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History of the Charles River Cleanup

The Annual Earth Day Charles River Cleanup was started by the Charles River Watershed Association in 1999, in an effort to clean-up the river. It builds on a national effort as part of American Rivers’ National River Cleanup®, which to date, has removed over 25 million pounds of trash from America’s waterways. From 2016 to 2019, the Annual Earth Day Charles River Cleanup was recognized by American Rivers for the Most Pounds of Trash Collected and Most Volunteers Mobilized.​

Our Cleanup is park of a larger annual effort in Massachusetts State Parks, Park Serve Day. Park Serve Day gives Massachusetts residents the chance to help clean and prepare state parks and beaches for the summer recreation season. Thousands of volunteers spruce up as many as 30 parks each spring.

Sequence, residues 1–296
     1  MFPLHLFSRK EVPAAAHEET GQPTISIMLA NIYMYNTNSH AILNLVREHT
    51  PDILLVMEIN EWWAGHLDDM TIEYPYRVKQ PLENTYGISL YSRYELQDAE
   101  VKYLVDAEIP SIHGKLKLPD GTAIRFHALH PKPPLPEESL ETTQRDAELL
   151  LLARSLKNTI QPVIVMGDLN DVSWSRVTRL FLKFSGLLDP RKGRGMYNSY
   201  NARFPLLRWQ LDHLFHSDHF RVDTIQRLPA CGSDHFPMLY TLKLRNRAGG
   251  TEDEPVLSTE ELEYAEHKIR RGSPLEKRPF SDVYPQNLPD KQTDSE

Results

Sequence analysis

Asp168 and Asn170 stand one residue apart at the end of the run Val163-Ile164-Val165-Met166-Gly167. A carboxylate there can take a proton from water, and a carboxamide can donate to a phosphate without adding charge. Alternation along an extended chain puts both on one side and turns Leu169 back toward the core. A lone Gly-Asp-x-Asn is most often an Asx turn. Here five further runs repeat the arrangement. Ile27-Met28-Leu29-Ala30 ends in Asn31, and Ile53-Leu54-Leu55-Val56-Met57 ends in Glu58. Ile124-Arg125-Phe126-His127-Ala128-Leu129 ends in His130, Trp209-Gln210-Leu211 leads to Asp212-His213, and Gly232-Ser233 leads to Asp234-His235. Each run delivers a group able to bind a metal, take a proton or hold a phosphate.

Our Cleanup brings together over 3,500 volunteers each year to pick up litter, remove invasive species, and assist with park maintenance along all 80 miles of the Charles River and the 1,100 acres of Emerald Necklace park land surrounding the Muddy River. Residents are drawn to the popular Charles River Cleanup from a desire to give back to their community while enjoying the beauty and wildlife along the river. Volunteers hold onto the connections they establish during this day of stewardship by returning to the Charles and Muddy Rivers to exercise, play, and enjoy nature throughout the year.

In the News

Volunteers pitch in for the 20th annual Earth Day Charles River Cleanup

April 27, 2019

Behind the Charles River Cleanup Lies a Surprising Story

May 7, 2018

Volunteers participate in Earth Day Charles River Cleanup

May 1, 2018

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